I walked into the lobby of a telco consulting client last week. The welcome mat had printed upon it the brand promise to their customers: “Complete freedom”. (I’ve tweaked the wording to protect their identity. The meaning is the same.)
Freedom. Who could be against it? And who would want incomplete freedom? When users buy broadband, they will have a mix of specific applications in mind for immediate use; they also know that there will be new ones that they will want to try out in future. Hence freedom carries a high value.
The ultimate communication “freedom machine” would be a Star Trek teleporter for data. It would let us transfer arbitrarily large amounts of data, to anywhere in the universe, instantaneously, and at no marginal cost. That is the perfected ideal of freedom to communicate that we aspire towards.
In the real world, we inevitably fall short of this teleportation ideal. The network is always a shared and finite statistically multiplexed resource. It is dependent on certain randomness properties of demand and supply to work. We have to live with physical constraints: the speed at which we can transmit data over transmission links; and our ability to schedule the load contending for those links.
Since reality falls short of science fiction, we seek not one, but two forms of freedom. We not only desire freedom to connect, we also want freedom from contention. The effects of other people communicating on this shared system erode our own freedom, and all our communications erodes theirs. In other words, all packets are pollution – to other network users. We have met the enemy, and it is us!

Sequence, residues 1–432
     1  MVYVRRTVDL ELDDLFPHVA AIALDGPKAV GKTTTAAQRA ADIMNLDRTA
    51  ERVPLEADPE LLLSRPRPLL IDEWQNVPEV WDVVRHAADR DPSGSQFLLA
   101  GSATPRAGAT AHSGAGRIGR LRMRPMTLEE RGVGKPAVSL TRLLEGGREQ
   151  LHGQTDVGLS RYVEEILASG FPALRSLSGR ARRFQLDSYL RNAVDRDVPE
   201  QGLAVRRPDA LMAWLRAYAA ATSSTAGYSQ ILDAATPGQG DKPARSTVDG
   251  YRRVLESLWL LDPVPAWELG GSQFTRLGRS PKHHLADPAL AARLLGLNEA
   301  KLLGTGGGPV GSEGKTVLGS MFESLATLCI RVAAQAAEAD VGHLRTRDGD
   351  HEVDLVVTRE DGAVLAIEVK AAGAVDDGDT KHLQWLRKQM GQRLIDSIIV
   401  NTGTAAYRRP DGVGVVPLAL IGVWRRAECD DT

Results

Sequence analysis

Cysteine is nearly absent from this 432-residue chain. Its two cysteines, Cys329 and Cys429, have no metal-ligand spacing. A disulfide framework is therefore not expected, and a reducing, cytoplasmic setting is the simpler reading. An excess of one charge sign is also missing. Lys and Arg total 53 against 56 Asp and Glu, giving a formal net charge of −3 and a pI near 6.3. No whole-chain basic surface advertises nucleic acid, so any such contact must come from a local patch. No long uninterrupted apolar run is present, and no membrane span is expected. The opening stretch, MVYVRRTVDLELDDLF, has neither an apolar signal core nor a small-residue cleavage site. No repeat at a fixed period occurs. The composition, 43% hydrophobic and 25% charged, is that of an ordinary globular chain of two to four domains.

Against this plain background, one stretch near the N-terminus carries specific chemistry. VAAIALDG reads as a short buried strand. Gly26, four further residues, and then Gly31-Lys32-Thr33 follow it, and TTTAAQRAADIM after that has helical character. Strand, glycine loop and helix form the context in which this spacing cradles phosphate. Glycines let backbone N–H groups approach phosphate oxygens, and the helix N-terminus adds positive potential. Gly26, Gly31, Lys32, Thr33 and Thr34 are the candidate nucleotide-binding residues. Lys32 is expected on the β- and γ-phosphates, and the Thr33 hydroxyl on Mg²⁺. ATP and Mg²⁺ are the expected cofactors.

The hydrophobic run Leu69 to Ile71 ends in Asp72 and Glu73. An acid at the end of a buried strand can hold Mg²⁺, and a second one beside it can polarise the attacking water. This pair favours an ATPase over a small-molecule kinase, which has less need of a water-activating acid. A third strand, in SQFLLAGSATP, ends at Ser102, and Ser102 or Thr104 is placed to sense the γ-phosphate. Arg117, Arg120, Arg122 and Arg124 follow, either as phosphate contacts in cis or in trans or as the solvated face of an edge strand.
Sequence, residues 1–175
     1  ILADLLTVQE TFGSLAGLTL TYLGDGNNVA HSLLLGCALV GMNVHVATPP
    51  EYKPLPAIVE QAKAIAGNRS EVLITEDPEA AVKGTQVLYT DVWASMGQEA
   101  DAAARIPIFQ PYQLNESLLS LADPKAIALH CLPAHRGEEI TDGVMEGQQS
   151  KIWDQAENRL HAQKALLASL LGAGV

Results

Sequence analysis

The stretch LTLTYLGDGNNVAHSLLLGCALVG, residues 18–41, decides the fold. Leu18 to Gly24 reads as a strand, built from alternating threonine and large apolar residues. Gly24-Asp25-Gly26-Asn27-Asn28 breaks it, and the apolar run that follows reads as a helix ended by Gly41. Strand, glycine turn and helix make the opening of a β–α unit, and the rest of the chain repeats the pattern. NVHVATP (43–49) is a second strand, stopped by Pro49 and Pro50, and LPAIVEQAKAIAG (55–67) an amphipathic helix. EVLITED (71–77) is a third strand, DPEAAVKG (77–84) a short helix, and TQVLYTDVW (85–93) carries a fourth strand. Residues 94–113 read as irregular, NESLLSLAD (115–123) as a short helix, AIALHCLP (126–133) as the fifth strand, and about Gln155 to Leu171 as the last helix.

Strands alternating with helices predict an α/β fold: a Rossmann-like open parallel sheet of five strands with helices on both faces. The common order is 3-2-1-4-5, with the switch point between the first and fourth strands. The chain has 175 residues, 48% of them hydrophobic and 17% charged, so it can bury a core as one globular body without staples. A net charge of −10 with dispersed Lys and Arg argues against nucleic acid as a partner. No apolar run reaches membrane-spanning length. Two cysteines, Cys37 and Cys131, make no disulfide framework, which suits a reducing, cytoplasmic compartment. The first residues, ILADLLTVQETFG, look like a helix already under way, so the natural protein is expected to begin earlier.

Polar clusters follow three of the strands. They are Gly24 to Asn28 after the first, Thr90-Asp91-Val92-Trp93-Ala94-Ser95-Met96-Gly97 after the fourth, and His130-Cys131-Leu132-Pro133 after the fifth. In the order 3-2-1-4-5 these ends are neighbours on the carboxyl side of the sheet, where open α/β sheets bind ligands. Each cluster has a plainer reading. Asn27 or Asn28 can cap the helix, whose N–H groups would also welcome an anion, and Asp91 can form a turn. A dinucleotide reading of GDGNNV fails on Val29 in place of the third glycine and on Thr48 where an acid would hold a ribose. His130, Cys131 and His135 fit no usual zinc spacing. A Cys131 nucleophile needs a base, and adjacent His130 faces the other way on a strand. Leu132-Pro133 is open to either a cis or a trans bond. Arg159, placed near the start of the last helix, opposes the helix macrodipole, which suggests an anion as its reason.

So these two freedoms – to and from – are clearly in tension. Our overall freedom as communicators is only as good as the collective interaction of these two phenomena.
Now comes the paradox of purpose: the “freedom to connect” is antithetical to revealing our purpose in communicating, since it only invites rent-seeking behaviour from the network owner; but the “freedom from contention” is wholly dependent on knowing our purpose in order to make good resource allocation choices and deliver an acceptable user experience and cost.
We can’t have it both ways!
So the industry’s message of complete freedom is selling a lie: incomplete freedom to communicate is all that is on offer in this imperfect world. We must engage in a perpetual re-examination of how we balance these freedoms, and how much purpose we reveal. Our individual desire for the freedom to connect is contending with the greater good of the networked community as a whole.
At the moment, the balance appears to be shifted a long way from what is desirable. We reward greedy network users, and punish graceful ones. The polluter doesn’t pay, and everyone suffers from the consequent contention and cost. Yet we want to deploy ever more applications that are sensitive to the pollution of other peoples’ packets.
To enjoy continued communications freedom, we will paradoxically have to reveal a little more of our purpose.
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